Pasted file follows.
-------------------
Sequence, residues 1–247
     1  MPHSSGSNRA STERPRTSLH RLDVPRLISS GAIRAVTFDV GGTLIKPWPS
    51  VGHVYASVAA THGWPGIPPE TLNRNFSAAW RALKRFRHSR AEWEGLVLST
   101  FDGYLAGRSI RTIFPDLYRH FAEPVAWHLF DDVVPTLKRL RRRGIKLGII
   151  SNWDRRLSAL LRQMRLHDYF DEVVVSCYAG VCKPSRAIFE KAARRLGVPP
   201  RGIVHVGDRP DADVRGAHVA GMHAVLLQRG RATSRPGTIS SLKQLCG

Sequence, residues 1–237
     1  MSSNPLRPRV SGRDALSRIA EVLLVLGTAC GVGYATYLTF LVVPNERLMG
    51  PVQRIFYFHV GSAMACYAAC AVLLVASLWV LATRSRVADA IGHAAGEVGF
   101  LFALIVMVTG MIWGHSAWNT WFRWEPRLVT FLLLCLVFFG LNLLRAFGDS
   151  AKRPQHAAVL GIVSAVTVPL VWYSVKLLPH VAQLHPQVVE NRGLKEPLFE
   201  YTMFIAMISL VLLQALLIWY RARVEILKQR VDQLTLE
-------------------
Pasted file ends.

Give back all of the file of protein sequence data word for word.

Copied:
Sequence, residues 1–247
     1  MPHSSGSNRA STERPRTSLH RLDVPRLISS GAIRAVTFDV GGTLIKPWPS
    51  VGHVYASVAA THGWPGIPPE TLNRNFSAAW RALKRFRHSR AEWEGLVLST
   101  FDGYLAGRSI RTIFPDLYRH FAEPVAWHLF DDVVPTLKRL RRRGIKLGII
   151  SNWDRRLSAL LRQMRLHDYF DEVVVSCYAG VCKPSRAIFE KAARRLGVPP
   201  RGIVHVGDRP DADVRGAHVA GMHAVLLQRG RATSRPGTIS SLKQLCG

Sequence, residues 1–237
     1  MSSNPLRPRV SGRDALSRIA EVLLVLGTAC GVGYATYLTF LVVPNERLMG
    51  PVQRIFYFHV GSAMACYAAC AVLLVASLWV LATRSRVADA IGHAAGEVGF
   101  LFALIVMVTG MIWGHSAWNT WFRWEPRLVT FLLLCLVFFG LNLLRAFGDS
   151  AKRPQHAAVL GIVSAVTVPL VWYSVKLLPH VAQLHPQVVE NRGLKEPLFE
   201  YTMFIAMISL VLLQALLIWY RARVEILKQR VDQLTLE